Rap in South Korean is even more mainstream than in the west. It is a huge part of KPop, which is really a form of new jack swing with choreography, group vocals and Korean lyrics. Almost every girl group or boy band has a designated rapper like Jimin from AOA, who is actually the groups leader (and guitar player). And not to be confused with Jimin Park, shown above. Two of the network MNet's most popular shows are "Show Me The Money," or SMTM, a rap competition that has spawned the careers of several popular rappers like Bobby and Iron, and "Unpretty Rapstar," which is basically the female version of SMTM. "Unpretty" because the program wants to focus rap abilities, away from the beauty-obsessed world of KPop. However, many of the best rappers on the program are very pretty (google Kisim), and in one season, they even allowed a KPop idol, the aforementioned Jimin to compete. Jimin made it to the finals against a tough, brazen (and pretty to me) solo rapper named Cheetah. Jimin had been the subject of derision from the more "streetwise" rapper women because she is, well, cute as a little button. Her final performance, with her bandmates and former competitors watching on, was one of the more legendary in the history of the very popular program:

You might also have noticed both in this video and previous ones, Korean televisions penchant for overusing graphics. Graphics, containing all kinds of comments, continually telling you whats happening and even what people might be thinking are constant throughout many, many programs including talkshows.

T-Ara N4 - "Jeon Won Diary"

Another group that has to be mentioned in most conversations about great KPop groups, T-Ara has a storied history and a style all their own. They are a mixed bag, drawing from all kinds of musical styles, and combining them with a brash, often comedic style, and kicking out some of the weirdest videos in KPop. I'm not always sure that they even know how odd they are. But they are immensely popular and have some of the most rabid fans in KPop, known as Queens. The Queens actually beat out the Beliebers, Beyonce's Beyhive and all other comers in Billboards Fan Army Face-Off of 2015. T-Ara has had its share of scandals, and like fans of the NFL's New England Patriots, that scorn has galvanized their undying support. This video, even though it is from their short-lived subunit N4, and features one of the members that was run out of the group in a bullying scandal (like I said), gives you a good idea of the unique T-Ara style:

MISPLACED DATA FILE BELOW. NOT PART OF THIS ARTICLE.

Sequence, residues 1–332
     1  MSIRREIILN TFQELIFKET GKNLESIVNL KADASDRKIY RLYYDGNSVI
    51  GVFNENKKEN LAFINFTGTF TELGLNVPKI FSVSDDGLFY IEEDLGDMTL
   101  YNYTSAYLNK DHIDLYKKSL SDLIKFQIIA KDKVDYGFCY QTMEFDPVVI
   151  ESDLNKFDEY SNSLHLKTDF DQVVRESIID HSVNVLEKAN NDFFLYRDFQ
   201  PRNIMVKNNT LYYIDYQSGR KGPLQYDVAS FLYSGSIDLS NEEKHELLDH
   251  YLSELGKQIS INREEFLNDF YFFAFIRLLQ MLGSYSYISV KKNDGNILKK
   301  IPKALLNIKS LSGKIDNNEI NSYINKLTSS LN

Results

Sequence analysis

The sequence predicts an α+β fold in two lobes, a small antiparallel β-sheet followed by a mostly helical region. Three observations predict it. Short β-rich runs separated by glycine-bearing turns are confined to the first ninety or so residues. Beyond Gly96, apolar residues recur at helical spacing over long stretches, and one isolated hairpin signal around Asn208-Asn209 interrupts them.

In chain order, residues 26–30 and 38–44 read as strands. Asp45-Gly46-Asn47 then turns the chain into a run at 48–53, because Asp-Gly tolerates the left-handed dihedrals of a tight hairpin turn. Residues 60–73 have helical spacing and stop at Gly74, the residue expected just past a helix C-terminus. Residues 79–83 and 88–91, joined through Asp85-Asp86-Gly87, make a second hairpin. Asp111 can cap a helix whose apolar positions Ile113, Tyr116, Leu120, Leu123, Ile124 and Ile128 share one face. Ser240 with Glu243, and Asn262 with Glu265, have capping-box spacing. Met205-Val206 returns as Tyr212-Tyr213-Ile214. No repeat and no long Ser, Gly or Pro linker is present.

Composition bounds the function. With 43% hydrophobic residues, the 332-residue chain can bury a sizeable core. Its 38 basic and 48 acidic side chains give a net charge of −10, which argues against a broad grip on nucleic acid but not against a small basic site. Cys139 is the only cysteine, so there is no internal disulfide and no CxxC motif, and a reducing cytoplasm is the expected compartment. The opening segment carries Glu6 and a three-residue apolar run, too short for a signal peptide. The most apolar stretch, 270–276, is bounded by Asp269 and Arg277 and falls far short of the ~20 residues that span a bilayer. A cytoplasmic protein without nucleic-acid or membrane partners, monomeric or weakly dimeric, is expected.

God bless T-Ara. There's no one quite like them. And don't worry Queens, we're laughing with them....

BTS - "Save Me"

I've already written more than I planned to but there's room for one more music video. And before I get into it, there are dozens of deserviing artists that did not get a mention in this two-parter. TVXQ!, 2NE1, Jinusean, AOA, 4Minute, S.E.S., SPICA, Girl's Day, Fin K. L., Afterschool, Ladies' Code, Vixx, Shinwa and many more have all done their part to create, define, and add their mark to the genre. But the last M/V will belong to a group that is probably the biggest Korean act on the planet right now. (Though Blackpink might have a case for that.) Their album trilogy "The Most Beautiful Moment in Life" has been a fixture on Billboard's Top World Album charts and Forbes magazine recently called them the most retweeted artist in the world. The world. And their leader's name is simply "Rap Monster." I'm not much into boybands, obviously, but I have to give props to the Bangtan Boys, the Bulletproof Boy Scouts, otherwise known as BTS:

Mamamoo - "Mr. Ambiguous" - Live on "Sketchbook"

Finally, we'll end our tour with another group of great live performers and another legendary performance, Mamamoo, once more, this time on one of our favorite Korean programs, Yu Hui Yeol's Sketchbook. Sketchbook is sort of a cross between "The Actors' Studio" and "Austin City Limits." Part talk show, part music show, with a live audience, hosted by the amusing You Hee Youl. One of his memorable programs featured the up-and-coming quartet Mamamoo, who surprised the entire country by slipping into a medley of their favorite KPop songs right in the middle a performance of their song "Mr. Ambiguous." This is the kind of sponteneity that has put Mamamoo at the top of our girl group list. Few "idol groups" have one powerful vocalists that can belt out a tune like some of the American stars. Mamamoo has three. And their harmonies and vocal arrangements are perhaps their strongest suit, along with their pure joie de vivre. Watch:

Note: KBS, South Korea's state-run network, does not allow embedding of their YouTube videos, which is unfortunate and limits their access, in my opinion. This one will probably be taken down, so enjoy it while it lasts.